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DOI

Survival of juveniles during the postfledging period can be markedly low, which may have major consequences on avian population dynamics. Knowing which factors operating during the nesting phase affect postfledging survival is crucial to understand avian breeding strategies. We aimed to obtain a robust set of predictors of postfledging local survival using the great tit (Parus major) as a model species. We used mark–recapture models to analyze the effect of hatching date, temperatures experienced during the nestling period, fledging size and body mass on first-year postfledging survival probability of great tit juveniles. We used data from 5192 nestlings of first clutches ringed between 1993 and 2010. Mean first-year postfledging survival probability was 15.2%, and it was lower for smaller individuals, as well as for those born in either very early or late broods. Our results stress the importance of choosing an optimum hatching period, and raising large chicks to increase first-year local survival probability in the studied population.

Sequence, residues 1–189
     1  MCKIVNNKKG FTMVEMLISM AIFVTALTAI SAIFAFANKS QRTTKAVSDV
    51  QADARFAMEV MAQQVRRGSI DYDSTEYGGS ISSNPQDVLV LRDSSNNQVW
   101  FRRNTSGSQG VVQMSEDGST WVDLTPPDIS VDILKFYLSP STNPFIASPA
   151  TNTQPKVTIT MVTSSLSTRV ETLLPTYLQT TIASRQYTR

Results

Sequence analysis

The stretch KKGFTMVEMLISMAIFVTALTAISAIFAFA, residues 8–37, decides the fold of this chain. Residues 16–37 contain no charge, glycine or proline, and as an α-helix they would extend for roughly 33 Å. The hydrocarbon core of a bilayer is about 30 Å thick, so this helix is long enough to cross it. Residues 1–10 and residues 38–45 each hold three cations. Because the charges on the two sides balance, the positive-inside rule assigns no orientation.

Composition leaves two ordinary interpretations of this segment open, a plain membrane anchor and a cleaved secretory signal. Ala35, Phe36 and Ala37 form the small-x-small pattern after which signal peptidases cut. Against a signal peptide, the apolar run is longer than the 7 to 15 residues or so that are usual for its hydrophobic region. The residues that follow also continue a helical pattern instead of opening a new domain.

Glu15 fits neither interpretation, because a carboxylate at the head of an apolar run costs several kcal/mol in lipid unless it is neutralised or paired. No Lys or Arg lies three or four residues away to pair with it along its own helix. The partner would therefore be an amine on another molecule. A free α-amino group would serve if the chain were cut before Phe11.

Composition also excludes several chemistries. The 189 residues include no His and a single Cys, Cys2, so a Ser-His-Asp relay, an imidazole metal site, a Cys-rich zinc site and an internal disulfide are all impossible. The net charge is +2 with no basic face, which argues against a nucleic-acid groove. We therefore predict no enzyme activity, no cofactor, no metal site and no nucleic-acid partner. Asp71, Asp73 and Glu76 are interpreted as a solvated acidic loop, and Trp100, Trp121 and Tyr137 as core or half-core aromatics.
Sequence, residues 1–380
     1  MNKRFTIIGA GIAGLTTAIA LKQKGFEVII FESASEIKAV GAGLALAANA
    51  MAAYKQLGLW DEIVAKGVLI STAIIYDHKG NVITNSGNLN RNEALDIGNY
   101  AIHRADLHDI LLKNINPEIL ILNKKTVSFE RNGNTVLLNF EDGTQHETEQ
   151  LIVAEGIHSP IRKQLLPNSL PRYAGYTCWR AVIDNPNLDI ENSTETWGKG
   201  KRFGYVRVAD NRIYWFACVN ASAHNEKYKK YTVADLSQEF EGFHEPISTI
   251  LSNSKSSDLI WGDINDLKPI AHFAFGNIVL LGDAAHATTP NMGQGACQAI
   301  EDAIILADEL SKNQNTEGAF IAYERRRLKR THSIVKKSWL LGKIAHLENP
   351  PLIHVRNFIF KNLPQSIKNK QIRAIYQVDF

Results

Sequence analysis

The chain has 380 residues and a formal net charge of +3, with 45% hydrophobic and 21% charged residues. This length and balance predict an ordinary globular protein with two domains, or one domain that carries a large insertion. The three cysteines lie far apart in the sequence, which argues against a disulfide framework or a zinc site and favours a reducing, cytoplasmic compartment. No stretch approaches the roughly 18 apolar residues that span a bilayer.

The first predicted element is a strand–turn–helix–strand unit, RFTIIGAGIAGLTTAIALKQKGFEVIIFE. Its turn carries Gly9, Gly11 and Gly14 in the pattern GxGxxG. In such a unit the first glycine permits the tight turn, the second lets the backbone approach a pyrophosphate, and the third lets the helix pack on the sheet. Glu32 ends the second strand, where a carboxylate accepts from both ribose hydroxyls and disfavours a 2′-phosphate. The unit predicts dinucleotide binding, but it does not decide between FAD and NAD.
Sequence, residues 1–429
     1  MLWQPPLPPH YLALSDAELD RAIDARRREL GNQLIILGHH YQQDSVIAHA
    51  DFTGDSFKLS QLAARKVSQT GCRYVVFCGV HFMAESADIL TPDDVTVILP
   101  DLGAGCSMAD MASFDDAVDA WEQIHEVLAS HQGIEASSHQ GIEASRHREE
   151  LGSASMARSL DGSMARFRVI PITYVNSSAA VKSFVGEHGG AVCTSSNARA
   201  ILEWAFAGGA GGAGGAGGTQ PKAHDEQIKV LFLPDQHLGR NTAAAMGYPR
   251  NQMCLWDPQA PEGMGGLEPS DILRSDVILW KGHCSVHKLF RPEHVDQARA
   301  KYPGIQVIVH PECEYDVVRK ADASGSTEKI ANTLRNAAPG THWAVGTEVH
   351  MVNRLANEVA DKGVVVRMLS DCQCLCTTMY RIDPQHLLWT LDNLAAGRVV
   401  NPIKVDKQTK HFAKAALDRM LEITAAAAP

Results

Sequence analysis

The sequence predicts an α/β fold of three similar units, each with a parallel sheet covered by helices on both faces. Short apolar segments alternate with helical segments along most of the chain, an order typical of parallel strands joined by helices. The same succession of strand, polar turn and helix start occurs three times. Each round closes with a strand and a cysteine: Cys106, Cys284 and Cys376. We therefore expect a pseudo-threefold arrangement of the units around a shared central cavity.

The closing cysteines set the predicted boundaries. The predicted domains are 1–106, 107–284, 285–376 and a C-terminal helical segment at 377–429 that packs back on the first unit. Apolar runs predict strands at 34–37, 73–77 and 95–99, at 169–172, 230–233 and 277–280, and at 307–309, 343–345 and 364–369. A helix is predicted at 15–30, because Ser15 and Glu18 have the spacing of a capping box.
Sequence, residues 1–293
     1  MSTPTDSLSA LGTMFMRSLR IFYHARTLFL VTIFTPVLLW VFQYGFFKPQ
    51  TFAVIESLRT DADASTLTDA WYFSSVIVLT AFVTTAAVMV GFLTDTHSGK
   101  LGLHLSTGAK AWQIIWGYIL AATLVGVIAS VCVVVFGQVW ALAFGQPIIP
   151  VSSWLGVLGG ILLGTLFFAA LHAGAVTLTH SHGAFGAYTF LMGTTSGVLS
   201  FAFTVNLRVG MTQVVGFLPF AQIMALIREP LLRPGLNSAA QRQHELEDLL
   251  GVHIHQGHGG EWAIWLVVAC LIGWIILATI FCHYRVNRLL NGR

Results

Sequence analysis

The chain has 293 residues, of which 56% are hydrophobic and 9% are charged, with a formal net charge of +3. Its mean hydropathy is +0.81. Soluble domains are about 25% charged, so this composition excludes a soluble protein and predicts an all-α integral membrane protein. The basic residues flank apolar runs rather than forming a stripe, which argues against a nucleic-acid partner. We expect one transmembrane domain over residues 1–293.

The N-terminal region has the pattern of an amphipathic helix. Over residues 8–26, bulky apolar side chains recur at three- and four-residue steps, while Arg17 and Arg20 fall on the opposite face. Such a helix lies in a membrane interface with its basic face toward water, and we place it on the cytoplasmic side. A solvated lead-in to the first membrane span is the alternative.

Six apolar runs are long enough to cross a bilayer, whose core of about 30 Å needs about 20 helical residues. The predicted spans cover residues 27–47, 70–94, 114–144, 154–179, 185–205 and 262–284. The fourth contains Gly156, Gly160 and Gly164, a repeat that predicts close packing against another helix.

Original languageEnglish
Pages (from-to)4458-4467
JournalEcology and Evolution
Volume6
Issue number13
Early online date2016
DOI
Publication statusPublished - 2016

    Research areas

  • Breeding success, Cormack–Jolly–Seber models, fledging condition, hyperthermia, long-term study, international

ID: 2129224